The ‘Australian Farmer Climate Survey’ launched this week, encouraging farmers across the country to have our say on climate change and renewable energy.
Climate change is much more than just a hot topic of conversation for farmers - it’s already affecting the way we do business.
On our cattle breeding property in the Murray Valley, we’ve experienced the impacts of rising temperatures in several ways, including a trend towards fewer frosts in winter, and managing the risks of invasive species that could threaten our cattle. These include parasites and weeds.
An example is the microscopic Theileria parasite that began to appear in surrounding districts in 2010. The tick-borne parasite enters the bloodstream of cattle and destroys their red blood cells, eventually killing them. It was previously only seen in sub-tropical and coastal parts of northern Australia. Now, as temperatures rise, it has become endemic in the Murray-Darling region.
Now the ticks can survive over winter and they have done so the past five years. We have a neighbour who lost 10 head of cattle, and although we operate very strict biosecurity, we were incredibly worried.
With increasing summer rainfall and warmer winters, we are seeing a proliferation of weed species that previously were not common. Ink weed, a bright green bush with purple berries appeared in the last half dozen years. A tall brush like plant called fleabane has also appeared in wet summers and a greater incidence of woody weeds such as rose briars.
As farmers, we need to engage with the big issues that affect our land, not just the local ones. After all, agriculture is our most climate-exposed industry, and while Aussie farmers are great at innovation, we have to face reality: there are some physical limits to what we can adapt to.
Current trends show this year will be the hottest ever measured. The previous record was set in 2015; the one before in 2014. Australia is the world’s most vulnerable industrialised country to climate change impacts such as droughts, floods, heatwaves and spread of pests and invasive species.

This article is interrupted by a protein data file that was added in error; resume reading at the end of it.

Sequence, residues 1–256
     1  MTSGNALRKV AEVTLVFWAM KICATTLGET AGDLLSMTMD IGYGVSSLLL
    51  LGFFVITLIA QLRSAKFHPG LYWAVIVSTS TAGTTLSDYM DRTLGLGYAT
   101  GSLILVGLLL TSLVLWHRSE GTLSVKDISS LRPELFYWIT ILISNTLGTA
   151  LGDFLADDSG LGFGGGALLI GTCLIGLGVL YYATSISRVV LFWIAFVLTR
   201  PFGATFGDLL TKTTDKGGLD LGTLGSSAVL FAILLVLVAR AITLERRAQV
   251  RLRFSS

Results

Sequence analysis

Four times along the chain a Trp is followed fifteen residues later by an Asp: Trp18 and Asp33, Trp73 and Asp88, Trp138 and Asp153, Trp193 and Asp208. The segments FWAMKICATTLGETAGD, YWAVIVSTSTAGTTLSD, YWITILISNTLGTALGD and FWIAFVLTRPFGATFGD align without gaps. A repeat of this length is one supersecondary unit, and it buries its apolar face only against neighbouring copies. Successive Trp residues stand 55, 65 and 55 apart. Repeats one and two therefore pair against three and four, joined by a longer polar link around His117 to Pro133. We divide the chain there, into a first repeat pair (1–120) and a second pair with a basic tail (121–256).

Many farmers, like myself and others who are joining Farmers for Climate Action, want to see a sound policy platform that enables Australia and the world move away from coal and gas and towards renewable energy in order to prevent further damage to our climate.
Sometimes it can feel like our voices are too soft, or there aren’t enough of us, to be heard. For too long people have assumed that most farmers refuse to accept the science of climate change, when the opposite is the case. We live on the land and we see it firsthand
That’s why the Farmer Climate Survey is important. The stories and date can be used as the foundation for a real conversation about how climate change is affecting our farms, what support we need to adapt, and what opportunities there are for rural Australia in solutions like renewable energy.
It only takes five minutes. Take the survey now to share how climate change is impacting your farm business, the changes you are making, barriers getting in the way and what action you want taken.
Lucinda Corrigan runs a large, multi-property cattle genetics enterprise with her husband in the Murray Valley east of Albury. Her three children are also employed in rural Australia.
Lucinda is a Director of Meat and Livestock Australia and Chairs the MLA Donor Company, which brings together public and private partnerships investing in innovation. She is the Chair of the Graham Centre for Agricultural Innovation, a joint venture between Charles Sturt University and NSW DPI and a member of the NSW Primary Industries Ministerial Advisory Council, which she chaired for the previous Minister. She is a Commissioner of the Australian Centre for International Agricultural Research.